India kicked off its 65th year of independence this week by unveiling ambitious plans to send a mission to Mars by the end of next year. Standing beneath the looming, 17th century Red Fort in New Delhi, Prime Minister Manmohan Singh announced that the government had approved the Mars Orbiter Mission, which aims to send a spacecraft near the surface of the Red Planet to collect information. He called the program “a huge step for us in the area of science and technology.”
Though the news may have lost some thunder after the successful landing of the Curiosity rover, it does show the kind of ambition and big thinking that many wish the Indian government displayed more often. India’s space program has managed to get a lot done, despite operating at a proposed budget of $1.34 billion this year (by comparison, NASA’s 2013 budget is $17.7 billion). Started in the 1960s, India’s program has developed a successful satellite regime and is currently preparing its first manned mission to space. In 2009, the program pulled off a major coup in the international community when its first lunar mission, in cooperation with NASA, detected water on the surface of the moon.
Critics in India immediately reacted to yesterday’s news by questioning the priorities of an administration willing to spend billions of rupees in space when so much needs to get done on the ground. Just weeks ago, the government had the embarrassing distinction of overseeing the largest power outage in human history. It was an event that, while more shocking to people outside India than people who live there, was symptomatic of wider systemic problems contributing to India’s economic slowdown. In his Independence Day speech, Singh also acknowledged these challenges. “If we do not increase the pace of the country’s economic growth, take steps to encourage new investment in the economy, improve the management of government finances and work for the livelihood security of the common man and energy security of the country,” he cautioned, “it most certainly affects our national security.”
Others in the industry are saying the project is moving too fast. The Mars spacecraft is expected to launch in November 2013, a decision based on the planets’ positions at that time. “There is a small window in which we need to make a launch,” Kiran Karnik of the Indian Space Research Organisation (ISRO) told CNN-IBN. But the current rocket technology that the agency plans to use could hamper the mission. The amount of equipment the craft would be able to take with it under projected conditions is “very meager,” former ISRO chairman G. Madhavan Nair told CNN-IBN in the same interview. “I don’t think much useful science can be done.”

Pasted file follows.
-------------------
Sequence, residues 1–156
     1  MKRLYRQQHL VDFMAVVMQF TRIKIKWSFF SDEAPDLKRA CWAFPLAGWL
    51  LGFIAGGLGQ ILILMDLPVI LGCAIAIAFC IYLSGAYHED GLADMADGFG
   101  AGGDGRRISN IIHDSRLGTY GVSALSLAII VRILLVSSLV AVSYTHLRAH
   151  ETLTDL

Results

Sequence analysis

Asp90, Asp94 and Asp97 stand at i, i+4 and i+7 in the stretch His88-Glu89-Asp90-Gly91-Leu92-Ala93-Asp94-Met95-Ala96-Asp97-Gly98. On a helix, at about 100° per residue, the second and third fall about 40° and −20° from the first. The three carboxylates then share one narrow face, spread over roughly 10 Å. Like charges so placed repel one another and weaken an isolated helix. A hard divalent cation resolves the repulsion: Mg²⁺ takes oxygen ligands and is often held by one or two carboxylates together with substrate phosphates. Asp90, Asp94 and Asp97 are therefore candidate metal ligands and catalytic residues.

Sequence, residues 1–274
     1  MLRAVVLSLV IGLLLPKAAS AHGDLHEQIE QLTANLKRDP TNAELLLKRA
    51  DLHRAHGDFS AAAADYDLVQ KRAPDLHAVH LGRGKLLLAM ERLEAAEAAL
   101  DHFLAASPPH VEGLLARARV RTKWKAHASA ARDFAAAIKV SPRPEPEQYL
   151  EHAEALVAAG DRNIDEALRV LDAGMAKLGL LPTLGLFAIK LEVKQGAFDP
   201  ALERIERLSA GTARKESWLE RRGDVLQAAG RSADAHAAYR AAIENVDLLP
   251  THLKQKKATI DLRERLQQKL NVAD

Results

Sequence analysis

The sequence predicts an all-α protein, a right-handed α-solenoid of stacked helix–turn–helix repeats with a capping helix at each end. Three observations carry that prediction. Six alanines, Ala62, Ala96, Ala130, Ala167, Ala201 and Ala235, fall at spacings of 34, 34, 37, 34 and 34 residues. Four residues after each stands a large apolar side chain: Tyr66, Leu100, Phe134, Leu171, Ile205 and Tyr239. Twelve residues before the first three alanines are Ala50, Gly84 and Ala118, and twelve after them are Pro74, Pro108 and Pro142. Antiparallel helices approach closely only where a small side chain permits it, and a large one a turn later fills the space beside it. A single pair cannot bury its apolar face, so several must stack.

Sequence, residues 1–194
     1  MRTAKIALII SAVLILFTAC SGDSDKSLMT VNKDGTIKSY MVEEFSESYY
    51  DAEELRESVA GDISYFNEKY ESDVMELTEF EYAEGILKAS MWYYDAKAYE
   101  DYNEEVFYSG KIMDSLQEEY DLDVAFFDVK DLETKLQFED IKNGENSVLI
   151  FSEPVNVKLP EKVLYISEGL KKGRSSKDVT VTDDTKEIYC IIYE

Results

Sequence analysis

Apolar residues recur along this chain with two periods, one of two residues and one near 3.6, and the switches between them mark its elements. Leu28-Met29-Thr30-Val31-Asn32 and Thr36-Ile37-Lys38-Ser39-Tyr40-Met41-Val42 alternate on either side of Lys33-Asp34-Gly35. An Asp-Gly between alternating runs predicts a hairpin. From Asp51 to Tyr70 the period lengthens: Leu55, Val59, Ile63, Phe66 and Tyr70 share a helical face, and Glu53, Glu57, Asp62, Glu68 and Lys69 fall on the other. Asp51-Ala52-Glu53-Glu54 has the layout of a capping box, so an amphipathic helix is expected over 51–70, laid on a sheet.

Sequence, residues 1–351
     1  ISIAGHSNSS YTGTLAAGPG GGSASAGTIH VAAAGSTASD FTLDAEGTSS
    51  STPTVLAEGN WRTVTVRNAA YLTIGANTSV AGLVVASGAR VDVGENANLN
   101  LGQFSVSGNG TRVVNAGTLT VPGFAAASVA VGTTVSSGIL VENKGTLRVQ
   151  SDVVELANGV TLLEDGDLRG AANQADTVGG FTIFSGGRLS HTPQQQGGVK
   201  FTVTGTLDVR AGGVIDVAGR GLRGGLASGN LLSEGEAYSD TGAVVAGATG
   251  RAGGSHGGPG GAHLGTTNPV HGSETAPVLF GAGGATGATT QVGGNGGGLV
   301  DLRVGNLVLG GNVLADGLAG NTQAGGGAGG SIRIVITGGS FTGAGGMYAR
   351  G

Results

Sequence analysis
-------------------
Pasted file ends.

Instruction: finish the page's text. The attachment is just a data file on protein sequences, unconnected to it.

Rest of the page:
What they’ll try to do is gather information that will help study the possibility of life on Mars. It mirrors Curiosity, which, as Jeffrey Kluger wrote in TIME’s cover story on the rover landing last week, “will study the geology, chemistry and possible biology of Mars, looking for signs of carbon, methane and other organic fingerprints on a world that a few billion years ago was warm and fairly sloshing with water.”
So what, with data from Curiosity and six other rovers that have landed on Mars, can India’s new orbiter add to the mix? Plenty, says Artemis Westenberg, the president of Explore Mars, an international nonprofit dedicated to sending humans to Mars. “You’d think we’d have everything we need, but it’s not true,” she says. “We just threw a rover on Mars [carrying] 75 kg of equipment, but there are always 20 more things we would have liked to put on there … There’s always room for more.” There’s always room for something new too. Some of the equipment that is currently exploring the Red Planet is dated. “It might have been state of the art in 2000, but it’s not state of the art in 2012,” says Westenberg. “Are you still using your five-year-old phone?”
No, and many argue that just as outdated is the idea that India should curb its pursuit of state-of-the-art technology. “You don’t have to be wealthy to want to climb Mount Everest. Poverty has got nothing to do with the human urge to explore, to push boundaries, to go where no man has gone before,” Susmita Mohanty, founder and CEO of Earth2Orbit, India’s first private space start-up, writes in an e-mail. “It is important that we build our own satellites and have our own rockets to launch them. Information is power, so is communication, and satellites are key to both. They are a necessity, not a luxury.”
They’re also an investment. Space programs have always captured attention in a way that other government-run programs can’t. Just as Curiosity’s landing came at a sweet spot for President Obama in his tough re-election campaign, so might a widely celebrated mission to Mars prove handy in India to the Congress-led government a few months before general elections are scheduled in 2014. And to take the longer view, is $80 million — the estimated cost of the Mars orbiter — so much to spend to spark the imagination of an entire generation of children? “Spending $70 million or $90 million on a science project is not a bad idea if you want to keep your youth interested in technology,” says Westenberg. “One in 7 people on the planet right now is Indian. I think that’s pretty cheap.”